• Presenter Michelle Ikle takes a somatic approach to jazz dance in the presentation Somatojazzology, in which somatic methods are aligned with rooted jazz elements to themes including historical and cultural contexts, inclusion, skill development, curricular advocacy, class design, creativity/innovation, and personal agency as we share practical tools to enhance the teaching and learning of jazz dance through somatic practices.
  • In Inherent Somatic Approaches in Bharata-Natyam, Sumana Mandala, Mary Fitzgerald, and Niveditha Muthukrishnan offer a space to embody techniques demonstrating the physical and emotional training in Bharata-Natyam pedagogy, and share how the pedagogical traditions of Bharata-Natyam can be applied in participant’s own practices and other movement forms.
  • Modern dance techniques are explored in sessions like Hold, Release, Flow: Hawkins & Improvisation by Renata Celichowska and Enhancing Somatic Awareness through Duncan Dance by Alice Bloch.
  • Finally, Ballet-in-the-Round, presented by Kristin Marrs, is a reimagined ballet class in which wellness, anatomical difference, and community are supported through innovative use of space, visualizations, and partner/small group activities.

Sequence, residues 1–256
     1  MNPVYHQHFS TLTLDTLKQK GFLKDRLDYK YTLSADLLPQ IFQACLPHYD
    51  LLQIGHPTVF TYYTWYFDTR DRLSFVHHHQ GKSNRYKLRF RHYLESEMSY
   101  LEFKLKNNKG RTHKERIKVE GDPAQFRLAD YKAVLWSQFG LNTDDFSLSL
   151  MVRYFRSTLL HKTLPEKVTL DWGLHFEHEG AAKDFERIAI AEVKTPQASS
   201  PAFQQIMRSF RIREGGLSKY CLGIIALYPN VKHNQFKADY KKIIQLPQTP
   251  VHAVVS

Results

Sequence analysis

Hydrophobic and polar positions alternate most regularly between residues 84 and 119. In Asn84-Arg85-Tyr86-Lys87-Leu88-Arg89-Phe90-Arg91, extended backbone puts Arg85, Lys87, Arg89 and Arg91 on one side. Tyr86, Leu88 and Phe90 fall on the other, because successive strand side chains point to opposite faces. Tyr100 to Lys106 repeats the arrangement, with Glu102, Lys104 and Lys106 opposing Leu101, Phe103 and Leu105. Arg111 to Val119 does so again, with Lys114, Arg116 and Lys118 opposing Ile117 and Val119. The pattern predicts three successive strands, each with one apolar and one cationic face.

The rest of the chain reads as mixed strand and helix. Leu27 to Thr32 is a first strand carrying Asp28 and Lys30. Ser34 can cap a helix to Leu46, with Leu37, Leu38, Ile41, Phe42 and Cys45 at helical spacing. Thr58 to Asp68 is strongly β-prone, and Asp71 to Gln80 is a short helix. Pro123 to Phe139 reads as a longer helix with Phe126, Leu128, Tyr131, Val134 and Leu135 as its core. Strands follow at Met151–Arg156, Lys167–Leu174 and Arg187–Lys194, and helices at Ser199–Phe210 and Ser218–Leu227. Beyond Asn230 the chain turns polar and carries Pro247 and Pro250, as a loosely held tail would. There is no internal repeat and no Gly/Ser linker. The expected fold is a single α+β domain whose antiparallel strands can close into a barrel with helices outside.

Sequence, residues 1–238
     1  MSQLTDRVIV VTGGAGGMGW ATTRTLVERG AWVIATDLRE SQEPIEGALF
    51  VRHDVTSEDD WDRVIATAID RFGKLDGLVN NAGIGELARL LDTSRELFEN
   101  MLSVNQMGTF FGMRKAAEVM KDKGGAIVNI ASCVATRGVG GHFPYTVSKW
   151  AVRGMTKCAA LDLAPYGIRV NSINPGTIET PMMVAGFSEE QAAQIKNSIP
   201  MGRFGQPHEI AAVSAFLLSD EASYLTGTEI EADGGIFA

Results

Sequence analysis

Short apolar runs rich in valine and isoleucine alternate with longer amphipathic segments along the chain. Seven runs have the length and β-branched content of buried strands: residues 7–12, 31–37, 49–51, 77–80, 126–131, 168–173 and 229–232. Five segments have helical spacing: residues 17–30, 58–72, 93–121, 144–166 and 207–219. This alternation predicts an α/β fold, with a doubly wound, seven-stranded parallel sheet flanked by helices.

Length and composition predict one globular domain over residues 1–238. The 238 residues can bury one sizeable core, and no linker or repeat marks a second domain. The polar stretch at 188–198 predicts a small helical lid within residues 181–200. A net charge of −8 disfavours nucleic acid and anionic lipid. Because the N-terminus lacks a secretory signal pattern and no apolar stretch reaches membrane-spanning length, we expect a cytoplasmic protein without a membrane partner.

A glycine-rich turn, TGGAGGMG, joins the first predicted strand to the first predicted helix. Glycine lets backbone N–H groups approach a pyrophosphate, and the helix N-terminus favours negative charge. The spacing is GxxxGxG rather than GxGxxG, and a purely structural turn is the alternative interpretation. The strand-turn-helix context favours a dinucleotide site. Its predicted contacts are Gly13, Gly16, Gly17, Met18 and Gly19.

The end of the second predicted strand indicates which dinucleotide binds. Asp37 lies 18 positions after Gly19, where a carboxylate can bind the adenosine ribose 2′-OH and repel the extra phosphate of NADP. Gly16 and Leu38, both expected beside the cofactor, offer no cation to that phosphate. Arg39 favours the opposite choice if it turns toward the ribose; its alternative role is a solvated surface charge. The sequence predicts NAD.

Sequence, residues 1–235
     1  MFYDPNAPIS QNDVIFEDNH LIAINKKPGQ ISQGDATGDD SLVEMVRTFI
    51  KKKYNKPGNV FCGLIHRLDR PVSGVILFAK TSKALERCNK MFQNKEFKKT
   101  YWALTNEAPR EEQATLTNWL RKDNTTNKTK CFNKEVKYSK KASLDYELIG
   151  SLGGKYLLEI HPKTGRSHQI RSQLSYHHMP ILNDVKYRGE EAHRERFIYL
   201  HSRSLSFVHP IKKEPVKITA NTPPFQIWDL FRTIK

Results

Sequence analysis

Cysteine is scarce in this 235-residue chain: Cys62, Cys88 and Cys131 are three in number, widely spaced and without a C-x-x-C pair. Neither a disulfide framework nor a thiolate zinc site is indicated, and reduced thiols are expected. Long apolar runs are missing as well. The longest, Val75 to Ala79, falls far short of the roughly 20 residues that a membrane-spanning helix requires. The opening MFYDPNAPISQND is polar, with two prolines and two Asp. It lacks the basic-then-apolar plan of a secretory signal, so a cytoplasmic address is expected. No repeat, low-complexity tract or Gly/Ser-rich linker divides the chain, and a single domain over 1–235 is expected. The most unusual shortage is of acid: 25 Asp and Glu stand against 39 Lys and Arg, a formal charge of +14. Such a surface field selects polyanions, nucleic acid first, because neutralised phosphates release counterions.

5. Pedagogy and Teaching Methods

dance educators connect to each other with their arms at the 2023 national conference

A somatic perspective can help transform pedagogy and teaching methods for dance teachers, leading to teaching and learning experiences that are richer and more fulfilling for the educator and learners alike. Somatics can inform dance pedagogy and teaching methods in every sector and in classes of all ages, skill levels, and dance genres. Participants can delve into the applications of somatics in dance pedagogy and teaching methods in a variety of sessions during the Somatic Movement in Dance Education: Enhancing Health and Creativity for Teachers & Students conference.

  • Jill Green explores ways to apply principles of “social somatic theory” to dance and somatics pedagogy in Exploring a Pedagogy Based on Social Somatic Theory.
  • In Healthier Practices through Somatic Repatterning, Alison Seidenstricker shares ways to empower students with positive tools for classroom engagement, educators can foster healthier relationships to develop in their students and the dancing community.